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  the ceo is going to be late for class.


  megan grassell founded her teen-targeted underwear company, yellowberry, at 17 and now, as a high-school senior, she is trying to juggle a very full schedule of classes, extracurricular activities, and running a burgeoning business. "to say it's taking over my life is a very small way to put it," grassell laughed during an interview with fortune. "but i love it."


  it was during a trip to the mall with mary margaret, her younger sister, that inspiration struck: "i was shopping for bras at the mall with my mom and little sister, and we went to a bunch of different stores looking for a good first bra for mary margaret, but there was nothing. there were jogging bras or these very sexual padded, push-up bras. i kept wondering, where is the cute little bra in fun colors? i realized that it just didn't exist. about a week later it hit me: if no one else is going to do it, i'm going to do it. i'm going to make bras for girls."


  to fund her startup, grassell raided her savings: "i worked every summer since sixth or seventh grade. first pumping gas and then i bussed tables and waitressed at a place called nora's, which is a fantastic restaurant. i saved all of that and used it to get my product to the prototyping phase."


  while grassell throws around words like "prototyping" now, actually developing prototypes for her bras presented a steep learning curve for the teen. "going into this process, i had no experience. i don't even know how to sew! if i get a hole in my jeans, i'm out of luck, because i don't know how to fix it," said grassell. "there are a lot of things that have to come together in order for a bra to be made. sourcing the fabric was a challenge, finding out where to produce and who to work with. i didn't know about quantities or anything. i had to learn all of that."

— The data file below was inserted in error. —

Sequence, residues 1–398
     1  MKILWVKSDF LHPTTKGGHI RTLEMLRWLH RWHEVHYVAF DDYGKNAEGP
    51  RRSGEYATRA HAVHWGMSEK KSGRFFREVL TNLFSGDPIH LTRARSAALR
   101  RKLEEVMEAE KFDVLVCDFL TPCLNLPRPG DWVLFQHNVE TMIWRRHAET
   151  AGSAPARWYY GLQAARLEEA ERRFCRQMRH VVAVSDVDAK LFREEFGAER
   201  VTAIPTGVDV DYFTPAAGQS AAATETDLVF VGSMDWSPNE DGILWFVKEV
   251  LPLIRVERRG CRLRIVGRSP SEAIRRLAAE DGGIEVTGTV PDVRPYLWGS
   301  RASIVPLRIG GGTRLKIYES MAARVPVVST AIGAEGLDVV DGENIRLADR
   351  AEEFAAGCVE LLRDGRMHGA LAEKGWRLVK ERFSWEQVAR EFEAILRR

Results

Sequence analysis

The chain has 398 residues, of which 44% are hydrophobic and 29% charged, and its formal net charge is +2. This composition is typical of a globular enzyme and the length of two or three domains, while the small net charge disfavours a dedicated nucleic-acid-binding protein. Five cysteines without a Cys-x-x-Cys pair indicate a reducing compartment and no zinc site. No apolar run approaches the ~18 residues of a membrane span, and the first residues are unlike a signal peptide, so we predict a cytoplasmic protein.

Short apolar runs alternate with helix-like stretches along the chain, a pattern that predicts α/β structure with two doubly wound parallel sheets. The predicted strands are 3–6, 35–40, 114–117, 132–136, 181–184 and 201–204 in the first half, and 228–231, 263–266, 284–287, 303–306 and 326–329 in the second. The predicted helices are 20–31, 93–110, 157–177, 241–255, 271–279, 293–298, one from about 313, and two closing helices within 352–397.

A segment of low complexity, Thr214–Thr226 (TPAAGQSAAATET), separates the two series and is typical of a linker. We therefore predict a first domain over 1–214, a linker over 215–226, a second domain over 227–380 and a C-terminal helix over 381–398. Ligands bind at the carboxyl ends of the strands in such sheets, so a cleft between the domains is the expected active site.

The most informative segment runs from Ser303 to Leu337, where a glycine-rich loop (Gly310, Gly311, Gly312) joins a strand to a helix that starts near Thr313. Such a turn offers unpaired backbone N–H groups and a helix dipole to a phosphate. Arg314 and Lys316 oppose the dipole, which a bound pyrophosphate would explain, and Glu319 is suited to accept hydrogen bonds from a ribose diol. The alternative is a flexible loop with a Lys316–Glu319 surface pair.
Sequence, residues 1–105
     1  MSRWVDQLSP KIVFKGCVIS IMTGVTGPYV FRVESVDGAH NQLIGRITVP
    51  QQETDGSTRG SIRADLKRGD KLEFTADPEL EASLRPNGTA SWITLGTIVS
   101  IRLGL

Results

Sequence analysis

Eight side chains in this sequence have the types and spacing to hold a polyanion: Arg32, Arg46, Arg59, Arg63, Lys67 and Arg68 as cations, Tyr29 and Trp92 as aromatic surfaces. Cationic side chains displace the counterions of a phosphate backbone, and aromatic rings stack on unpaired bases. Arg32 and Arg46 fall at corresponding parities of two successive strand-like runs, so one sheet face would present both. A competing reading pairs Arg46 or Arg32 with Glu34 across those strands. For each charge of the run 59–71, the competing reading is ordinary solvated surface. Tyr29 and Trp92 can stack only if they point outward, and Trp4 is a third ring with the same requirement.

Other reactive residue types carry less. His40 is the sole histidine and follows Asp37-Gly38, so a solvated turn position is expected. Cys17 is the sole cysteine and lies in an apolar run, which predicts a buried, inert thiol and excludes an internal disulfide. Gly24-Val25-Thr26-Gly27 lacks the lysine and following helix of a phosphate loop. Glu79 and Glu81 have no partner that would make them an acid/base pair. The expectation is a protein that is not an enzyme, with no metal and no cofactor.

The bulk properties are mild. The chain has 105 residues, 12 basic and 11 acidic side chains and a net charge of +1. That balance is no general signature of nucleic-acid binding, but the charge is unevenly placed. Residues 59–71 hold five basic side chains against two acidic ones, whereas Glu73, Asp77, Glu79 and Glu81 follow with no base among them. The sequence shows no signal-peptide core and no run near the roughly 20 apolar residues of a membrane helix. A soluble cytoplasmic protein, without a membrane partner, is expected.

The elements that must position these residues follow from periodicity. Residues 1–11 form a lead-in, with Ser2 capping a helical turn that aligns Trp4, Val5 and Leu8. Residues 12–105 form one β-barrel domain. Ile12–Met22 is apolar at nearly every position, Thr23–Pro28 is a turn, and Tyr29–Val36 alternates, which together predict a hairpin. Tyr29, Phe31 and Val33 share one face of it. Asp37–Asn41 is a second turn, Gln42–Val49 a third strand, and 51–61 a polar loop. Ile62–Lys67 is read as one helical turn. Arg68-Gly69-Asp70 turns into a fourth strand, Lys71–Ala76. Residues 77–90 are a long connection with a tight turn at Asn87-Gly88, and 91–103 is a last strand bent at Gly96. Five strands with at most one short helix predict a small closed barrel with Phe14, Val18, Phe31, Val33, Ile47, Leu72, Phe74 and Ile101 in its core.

to move from prototype to production, grassell turned to the crowdfunding site kickstarter. "the original goal was $25,000," said grassell, "and i raised almost $42,000, which was pretty exciting." it was also one of the most successful kickstarter campaigns ever for an underwear or lingerie startup, ever.


  with the kickstarter campaign completed, grassell found a production facility through a contact in her hometown of jackson hole, wyo. the factory, which is in los angeles -- and was vetted by her mom who was in california during one of mary margaret's soccer games -- has a low minimum order amount, which is good for a startup, but can also grow to meet increasing demand as necessary, which grassell thinks is important. "if i get a phone call asking for a huge order, i will make that happen," she said.


  that can-do attitude is what people expect from a ceo, but not necessarily from a teenaged girl. grassell admits that her age has been a challenge in doing business. "one of the biggest problems i had getting started was getting people to take me and my ideas seriously. i hope now they can see that i'm serious and that this is happening," said grassell, who comes across as a hybrid businesswoman: half rookie magazine editor savant tavigevinson, half spanx founder sara blakely. "i have a vision for the company. i know how i want it to grow, and i can't wait to see how it becomes established."

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